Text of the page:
I’ve never thrown anything, especially at someone. With the exception of a ball, and that is more likely because I was made to in a Physical Education class in school. I drop things instead, and that, I believe, is a way to differentiate the two kinds of people in the world. People who throw/break things i.e., express anger. And people who do nothing of the kind when they are angry. In fact, they do nothing at all. Any physical aggression involved can only be attributed to clumsiness. And I am very, very clumsy.
The word “passive aggressive” gets thrown around a lot, but since I am not well-versed with the full meaning of it, and especially because I don’t understand why it is such a popular expression, I am going to leave it out of this discussion. I am going to keep it simple. I’ve been trying to understand why I enjoy the work of Irish comedian and writer Dylan Moran so much. Simple enough, right? Maybe, not all people like to ask themselves why they like the things they do. Maybe, it is such a personal, potentially vulnerable and deeply frustrating question to ask, that it spoils the pleasure of the thing itself. And it’s not like it’s a bad habit. I am not asking myself why I like sugary foods or why people smoke even if it seems pointless. I am going to give you a little taste of his work below, in case you aren’t familiar with him, and then proceed with why I think he and the subject of this post are connected.
Dylan Moran on Adult Conversations
Okay, so apart from the fact that he is an extraordinary writer, brilliant comedian (the best “living or dead”, according to Le Monde newspaper) and attractive, part of his performing persona is The Incredible Hulk. Only human, and presumably a 24/7 thing. And I realised why I like him so much when I wanted to be him, just so I could say the things he says, at the pitch and clarity he says them, with the right amount of finger-pointing and hair-waving, so that I could have all my years of repressed anger at a certain person finally come out. But, I don’t have his head, you see, neither the expressive hair on top of it, nor the brilliant mind inside. All I can do is let the Dylan Moran inside me scream and rage internally, while I use other passive ways to cope with the situation.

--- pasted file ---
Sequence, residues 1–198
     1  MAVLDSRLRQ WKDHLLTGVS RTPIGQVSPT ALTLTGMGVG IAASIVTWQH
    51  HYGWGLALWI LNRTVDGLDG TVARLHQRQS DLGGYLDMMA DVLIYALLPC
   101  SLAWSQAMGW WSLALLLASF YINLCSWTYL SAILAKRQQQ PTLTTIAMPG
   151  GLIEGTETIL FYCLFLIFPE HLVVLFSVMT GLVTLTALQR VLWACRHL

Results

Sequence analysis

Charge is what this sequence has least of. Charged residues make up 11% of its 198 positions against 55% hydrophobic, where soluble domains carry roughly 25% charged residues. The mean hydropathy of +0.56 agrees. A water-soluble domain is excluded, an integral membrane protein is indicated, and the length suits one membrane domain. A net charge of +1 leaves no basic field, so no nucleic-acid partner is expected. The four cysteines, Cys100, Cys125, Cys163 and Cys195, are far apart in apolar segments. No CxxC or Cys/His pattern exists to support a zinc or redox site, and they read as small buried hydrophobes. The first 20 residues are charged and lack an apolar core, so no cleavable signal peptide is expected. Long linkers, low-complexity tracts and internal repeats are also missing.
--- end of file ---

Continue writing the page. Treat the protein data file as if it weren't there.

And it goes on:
It’s a cultural thing, it’s a gender thing, it’s a ‘how I was raised’ thing, but most of all, it is the association made by short-sighted adults towards frightened, uh, obedient children like myself that ‘anger is bad’. That’s it. No further exploration required. Don’t express it, it is wrong to even feel it. Go and expend it in high impact aerobics or by playing an album. But, anger is a passion, and passion, by its very nature, is spontaneous. And so, I’ve had to build strong coping mechanisms. I have spent my life building a Hulkbuster to my Hulk, that Ironman would pay a lot of money to own. It’s subtle, built on reserves of patience, avoidance and all around niceness.
And I am nice. I am, believe me. Most of the time, unless sarcasm gets in, which is perhaps the only aggressive tool I possess. Over the course of writing this blog I’ve realised my non-fiction ‘voice’ is one of sentimental bluntness. Sarcasm is part of it, and even if some people take offence to it, it is just a linguistic tool. Surely, I must be allowed that, judging by how much crockery I have saved in my entire life.
Perhaps, running or yoga or knitting will help. I can’t start expressing my anger now, can I? People will think I’ve gone mad. But, I am so removed from both aggression and relaxation that the reserves of the neurotic: writing, reading, eating, watching comedy and the like, are the only things I feel allowed to do. Perhaps more writing, especially for the projects I’ve been procrastinating, will frustrate and enrage me enough to get my current anger out. Or watching more Dylan Moran.
How do you express anger? Any ideas on how to deal with it in a healthy way?